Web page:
Dual External Displays are a No-Go on MacBook Air 2011 via Thunderbolt

Jul 29, 2011 - 11 Comments

MacBook Air and external Thunderbolt display

One of the more exciting features of the new MacBook Pro 15″ and 17″ and iMac series is that you can use dual external displays by daisy chaining them via the Thunderbolt port. Unfortunately, this ability is lost on the 2011 MacBook Air, due to the weaker Intel HD 3000 graphics chip and a stripped down Thunderbolt controller.

This was noticed by Anandtech, who points out the lightweight Thunderbolt chip, called Eagle Ridge, only supports a single DisplayPort channel compared to the dual channels in the larger Light Ridge chip:

Eagle Ridge is available in two form factors (normal and SFF) and is effectively half of a Light Ridge chip. That means you only get two Thunderbolt channels and one DP output. Apple used the small form factor version of Eagle Ridge in its new MacBook Air to cut cost and save on motherboard real estate.

While this may affect some purchasing decisions and direct a few users to the MacBook Pro line instead, not all is lost. The 27″ Thunderbolt Display with it’s whopping 2560×1440 resolution is a giant on it’s own and should be more than adequate to meet the needs of most users looking for external displays with their MacBook Air. Plus, Apple is openly advertising the Thunderbolt display as a docking station of sorts for the MacBook Air, since it brings FireWire, three additional USB ports, Ethernet, and a FaceTime HD camera.

And really, when we consider the heaviest MacBook Air is 2.9lbs and the benchmark performance is through the roof, can we really complain much?


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Posted by: Paul Horowitz in Hardware, Mac


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  1. SDNate says:

    I’ve got the mid 2011 Macbook Air connected to a 30″ HD LCD and it’s perfect! I don’t notice lag or anything. If you need 2 huge external displays, then your probably doing video editing or some crazy graphics design. In either case you really shouldn’t use a laptop for this, go with a beastly desktop with the highest possible graphics card.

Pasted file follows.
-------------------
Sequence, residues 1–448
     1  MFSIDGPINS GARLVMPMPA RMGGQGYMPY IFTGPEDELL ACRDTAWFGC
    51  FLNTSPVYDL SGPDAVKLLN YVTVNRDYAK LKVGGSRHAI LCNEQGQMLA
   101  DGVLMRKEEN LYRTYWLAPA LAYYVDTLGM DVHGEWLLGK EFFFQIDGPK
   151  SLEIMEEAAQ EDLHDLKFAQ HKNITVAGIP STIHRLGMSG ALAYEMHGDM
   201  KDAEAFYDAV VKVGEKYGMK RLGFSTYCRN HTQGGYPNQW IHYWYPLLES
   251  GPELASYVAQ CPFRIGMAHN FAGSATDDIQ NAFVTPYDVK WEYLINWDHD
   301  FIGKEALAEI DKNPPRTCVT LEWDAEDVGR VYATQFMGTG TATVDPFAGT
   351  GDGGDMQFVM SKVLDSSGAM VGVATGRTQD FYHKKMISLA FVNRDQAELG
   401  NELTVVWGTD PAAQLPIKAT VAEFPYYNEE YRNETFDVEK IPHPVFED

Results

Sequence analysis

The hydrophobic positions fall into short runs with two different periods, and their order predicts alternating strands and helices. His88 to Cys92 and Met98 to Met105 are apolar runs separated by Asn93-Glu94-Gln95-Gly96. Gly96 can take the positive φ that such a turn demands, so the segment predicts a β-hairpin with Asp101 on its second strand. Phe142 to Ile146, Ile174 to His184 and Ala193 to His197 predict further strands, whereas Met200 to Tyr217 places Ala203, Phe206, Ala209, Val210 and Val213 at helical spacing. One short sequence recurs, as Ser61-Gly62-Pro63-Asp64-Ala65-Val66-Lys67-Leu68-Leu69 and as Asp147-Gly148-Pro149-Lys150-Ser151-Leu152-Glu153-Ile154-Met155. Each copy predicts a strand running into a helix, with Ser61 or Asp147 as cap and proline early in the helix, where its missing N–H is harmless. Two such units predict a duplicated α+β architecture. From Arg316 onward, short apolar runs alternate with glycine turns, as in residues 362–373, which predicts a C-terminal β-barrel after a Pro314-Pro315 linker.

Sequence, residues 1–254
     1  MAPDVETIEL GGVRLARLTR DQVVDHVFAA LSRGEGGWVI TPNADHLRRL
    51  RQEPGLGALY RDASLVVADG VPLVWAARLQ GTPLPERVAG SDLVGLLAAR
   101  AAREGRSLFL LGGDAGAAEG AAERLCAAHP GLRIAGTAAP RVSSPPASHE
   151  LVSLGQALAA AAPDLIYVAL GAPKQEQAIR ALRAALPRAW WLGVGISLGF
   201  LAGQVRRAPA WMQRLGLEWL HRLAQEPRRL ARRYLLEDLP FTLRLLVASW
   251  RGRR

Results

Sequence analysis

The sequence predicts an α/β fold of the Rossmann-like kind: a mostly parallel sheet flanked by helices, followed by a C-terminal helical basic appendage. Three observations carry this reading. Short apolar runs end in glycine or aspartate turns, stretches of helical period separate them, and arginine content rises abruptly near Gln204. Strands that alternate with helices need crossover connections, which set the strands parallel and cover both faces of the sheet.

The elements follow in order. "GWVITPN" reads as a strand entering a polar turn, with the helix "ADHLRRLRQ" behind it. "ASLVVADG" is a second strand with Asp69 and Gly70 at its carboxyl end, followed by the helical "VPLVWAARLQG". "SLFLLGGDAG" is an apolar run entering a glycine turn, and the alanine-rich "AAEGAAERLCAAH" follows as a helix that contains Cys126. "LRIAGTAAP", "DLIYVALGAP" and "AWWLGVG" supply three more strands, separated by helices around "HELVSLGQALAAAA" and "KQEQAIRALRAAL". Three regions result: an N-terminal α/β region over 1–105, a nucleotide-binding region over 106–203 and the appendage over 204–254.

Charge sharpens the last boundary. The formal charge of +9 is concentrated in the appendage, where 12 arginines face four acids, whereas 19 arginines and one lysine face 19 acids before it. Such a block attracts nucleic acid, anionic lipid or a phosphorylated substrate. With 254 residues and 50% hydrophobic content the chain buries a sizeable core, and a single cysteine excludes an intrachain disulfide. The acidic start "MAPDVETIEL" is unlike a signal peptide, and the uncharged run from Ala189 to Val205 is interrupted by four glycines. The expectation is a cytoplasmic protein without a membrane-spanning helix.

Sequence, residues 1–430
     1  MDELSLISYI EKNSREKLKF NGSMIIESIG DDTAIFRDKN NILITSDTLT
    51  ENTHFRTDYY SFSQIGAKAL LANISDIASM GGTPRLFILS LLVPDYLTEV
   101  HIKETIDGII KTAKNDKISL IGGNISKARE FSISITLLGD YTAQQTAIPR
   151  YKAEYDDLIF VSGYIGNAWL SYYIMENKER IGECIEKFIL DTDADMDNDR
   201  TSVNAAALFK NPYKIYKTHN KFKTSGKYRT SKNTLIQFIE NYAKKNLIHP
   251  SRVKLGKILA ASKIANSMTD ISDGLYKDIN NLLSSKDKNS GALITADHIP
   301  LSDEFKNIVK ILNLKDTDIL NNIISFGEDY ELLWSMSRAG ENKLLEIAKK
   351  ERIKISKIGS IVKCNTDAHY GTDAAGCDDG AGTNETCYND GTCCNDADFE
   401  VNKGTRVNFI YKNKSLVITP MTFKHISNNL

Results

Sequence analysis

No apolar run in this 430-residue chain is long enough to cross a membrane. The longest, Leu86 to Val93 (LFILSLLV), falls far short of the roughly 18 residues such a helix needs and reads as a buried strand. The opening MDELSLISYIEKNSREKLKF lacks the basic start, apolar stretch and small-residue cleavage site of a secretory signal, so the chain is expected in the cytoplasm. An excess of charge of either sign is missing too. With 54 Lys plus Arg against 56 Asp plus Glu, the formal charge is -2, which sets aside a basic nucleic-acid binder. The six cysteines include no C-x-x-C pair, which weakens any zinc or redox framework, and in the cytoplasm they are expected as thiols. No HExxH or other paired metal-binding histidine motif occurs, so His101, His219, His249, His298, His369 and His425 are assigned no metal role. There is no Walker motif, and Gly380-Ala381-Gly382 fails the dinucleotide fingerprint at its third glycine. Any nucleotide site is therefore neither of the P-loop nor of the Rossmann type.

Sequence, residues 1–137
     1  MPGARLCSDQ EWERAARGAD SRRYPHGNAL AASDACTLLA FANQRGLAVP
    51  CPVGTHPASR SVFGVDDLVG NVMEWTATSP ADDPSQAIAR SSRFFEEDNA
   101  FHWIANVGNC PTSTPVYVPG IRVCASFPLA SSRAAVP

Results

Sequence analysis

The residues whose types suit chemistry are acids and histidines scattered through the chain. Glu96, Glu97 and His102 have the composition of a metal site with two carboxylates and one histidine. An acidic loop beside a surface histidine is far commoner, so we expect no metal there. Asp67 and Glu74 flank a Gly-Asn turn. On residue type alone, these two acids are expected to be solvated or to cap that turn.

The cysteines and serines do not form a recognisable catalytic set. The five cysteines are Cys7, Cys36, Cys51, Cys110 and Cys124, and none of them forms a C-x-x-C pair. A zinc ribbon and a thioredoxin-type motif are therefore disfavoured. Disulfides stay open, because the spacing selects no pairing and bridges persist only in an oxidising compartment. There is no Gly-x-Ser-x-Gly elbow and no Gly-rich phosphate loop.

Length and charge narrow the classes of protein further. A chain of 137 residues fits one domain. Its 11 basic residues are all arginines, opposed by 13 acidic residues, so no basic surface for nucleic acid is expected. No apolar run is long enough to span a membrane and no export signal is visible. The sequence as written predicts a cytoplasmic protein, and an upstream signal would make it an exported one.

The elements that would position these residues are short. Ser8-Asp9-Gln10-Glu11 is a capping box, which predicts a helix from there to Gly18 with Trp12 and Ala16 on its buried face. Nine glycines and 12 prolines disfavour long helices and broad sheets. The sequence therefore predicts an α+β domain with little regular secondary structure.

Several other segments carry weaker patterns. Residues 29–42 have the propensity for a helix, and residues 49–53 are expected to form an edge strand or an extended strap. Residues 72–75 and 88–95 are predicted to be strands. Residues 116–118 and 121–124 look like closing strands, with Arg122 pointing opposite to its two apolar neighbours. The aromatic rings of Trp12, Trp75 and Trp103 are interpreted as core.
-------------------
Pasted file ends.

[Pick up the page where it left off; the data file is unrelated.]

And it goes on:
• Shannon says:

      I have 2011 Macbook Air 13″ connected to two 30″ cinema displays, the first via the dual-link DVI thunderbolt cable, and the second running via USB2->DVI.

      Admittedly the 2nd monitor I have paired down to run at 1280×800 – which is really big, works great for terminals, and does not handle video well.

      The beauty of being able to work on my computer and then pick it up and still have EVERYTHING available in a portable package really is fantastic.

  2. […] Air, particularly for users who require multi-monitor setups. Currently, the MacBook Air can only drive one external display through the Thunderbolt port, although by using USB adapters or even the iPad you can get around […]

  3. Chris says:

    I’m having trouble with Thunderbolt and my MacBook Air 11″. It does not consistently run Target Disk Mode when connected with the Apple T’Bolt cable to my iMac (2.8G i7). When it mounts it is great; but it is really frustrating that mounts only around 50% of the time.

  4. […] Mac – August 13th, 2011 – Leave a Comment Sure, the MacBook Air 2011 can’t drive dual displays through Thunderbolt, but that doesn’t mean you can’t have two or even three external […]

  5. Manho says:

    I was almost going to buy new mac book air and two thunderbolt 27″ monitor.
    It is pitty… I’ll wait for next generation mac book air~ :)

  6. Ivan Marshall says:

    Even with only one external display connected,the poor graphics makes Mission Control and Launchpad sluggish. This is why this little Mac can’t replace your MacBook Pro,unless your needs are light!

  7. Daniel says:

    Does this mean you cant daisy chain thunderbolt capable hard drives with a monitor?

  8. David says:

    Eeeeexactly. Who’s going to try and run two 27″ displays off a tiny laptop anyway? Running two huge displays is hardly even relevant for the MacBook Pro, let alone the featherweight of the range.

  9. Peter says:

    Big deal, it’s the new entry level portable Mac, you can’t expect it to do everything the Pro can do.

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